APS/AAPT Conference on Distance Education and Online Learning
College Park, MD, June 1, 2013

Universities in an Era of Technological and Economic Flux -
Radical Change in Higher Education: Will Physics lead, follow, or get out of the way?;

<PowerPoint talk>

-Jack M. Wilson, President Emeritus and Distinguished Professor of Higher Education, Emerging Technologies, and Innovation, the University of Massachusetts. (jwilson@umassp.edu)

While Physics has been at the forefront of the development of many innovations based upon the 3 C’s of Computer, Communication, and Cognition, physics has not been transformed by the 3 C forces and has not even seen mainstream physics education give those forces significant attention.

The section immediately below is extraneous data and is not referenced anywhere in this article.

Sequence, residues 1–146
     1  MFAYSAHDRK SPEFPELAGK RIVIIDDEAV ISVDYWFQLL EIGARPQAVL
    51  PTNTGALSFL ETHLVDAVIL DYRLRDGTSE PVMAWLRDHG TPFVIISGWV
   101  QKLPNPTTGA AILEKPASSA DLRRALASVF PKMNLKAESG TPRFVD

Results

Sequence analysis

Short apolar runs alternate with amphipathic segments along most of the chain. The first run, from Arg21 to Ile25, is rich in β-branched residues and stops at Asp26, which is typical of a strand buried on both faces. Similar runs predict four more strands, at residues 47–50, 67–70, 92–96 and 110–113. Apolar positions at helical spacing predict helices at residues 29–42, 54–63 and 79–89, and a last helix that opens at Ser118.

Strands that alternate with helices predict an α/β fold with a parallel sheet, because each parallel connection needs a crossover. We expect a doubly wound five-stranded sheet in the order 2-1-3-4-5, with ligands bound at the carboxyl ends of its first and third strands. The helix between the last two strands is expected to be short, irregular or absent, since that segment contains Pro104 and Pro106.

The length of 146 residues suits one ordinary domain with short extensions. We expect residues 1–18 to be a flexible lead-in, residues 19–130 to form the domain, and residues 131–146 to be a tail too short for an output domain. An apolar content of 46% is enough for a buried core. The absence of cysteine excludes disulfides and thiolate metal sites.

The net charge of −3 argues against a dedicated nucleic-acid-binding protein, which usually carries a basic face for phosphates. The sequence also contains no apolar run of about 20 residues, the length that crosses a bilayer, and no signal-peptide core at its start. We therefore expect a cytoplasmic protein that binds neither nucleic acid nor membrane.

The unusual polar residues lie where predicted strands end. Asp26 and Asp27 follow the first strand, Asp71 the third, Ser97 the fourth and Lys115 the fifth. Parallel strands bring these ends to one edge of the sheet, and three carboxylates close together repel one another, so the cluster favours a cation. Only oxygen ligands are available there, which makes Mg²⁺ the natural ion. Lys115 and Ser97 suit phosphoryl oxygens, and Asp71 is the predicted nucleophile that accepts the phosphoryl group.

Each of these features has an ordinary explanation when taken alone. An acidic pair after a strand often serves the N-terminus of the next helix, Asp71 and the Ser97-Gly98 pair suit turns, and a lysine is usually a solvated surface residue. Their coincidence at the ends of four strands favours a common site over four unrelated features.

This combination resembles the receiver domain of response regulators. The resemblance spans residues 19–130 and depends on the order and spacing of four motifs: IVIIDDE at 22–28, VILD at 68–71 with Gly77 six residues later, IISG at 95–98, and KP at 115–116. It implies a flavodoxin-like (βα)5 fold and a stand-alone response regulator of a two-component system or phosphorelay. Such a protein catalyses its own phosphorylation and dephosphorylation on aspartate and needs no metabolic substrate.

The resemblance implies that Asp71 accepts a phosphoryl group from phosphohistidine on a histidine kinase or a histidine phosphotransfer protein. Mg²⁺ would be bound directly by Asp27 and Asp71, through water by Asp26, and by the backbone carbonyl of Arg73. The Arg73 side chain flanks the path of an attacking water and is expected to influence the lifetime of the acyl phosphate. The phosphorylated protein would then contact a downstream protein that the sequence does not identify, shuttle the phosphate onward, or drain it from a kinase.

The history of technology enhanced education has often been led by physicists applying technology (computers, internet communications, cognitive sciences, etc) to the teaching and learning of physics.  One of the earliest such examples was at the University of Illinois in the early 1960’s where the physicists Chalmers Sherwin and Daniel Alpert began discussing ideas for computer tutorial systems and stimulated laboratory assistant, Donald Bitzer, to build one - PLATO -Programmed Logic for Automatic Teaching Operations.   The resulting partnership between the University of Illinois and Control Data Corporation was either a stunning success or a dismal failure.   Conventional wisdom would deem it a dismal failure since so much money and university talent were used and the system was never widely deployed and eventually disappeared.  A closer look reveals that PLATO actually created most of what we see today in distance learning and online educational programs.  They invented (or at least integrated) online testing, chat rooms, forums, message boards, e-mail, picture languages, instant messaging, remote screen sharing, and even multi-player games!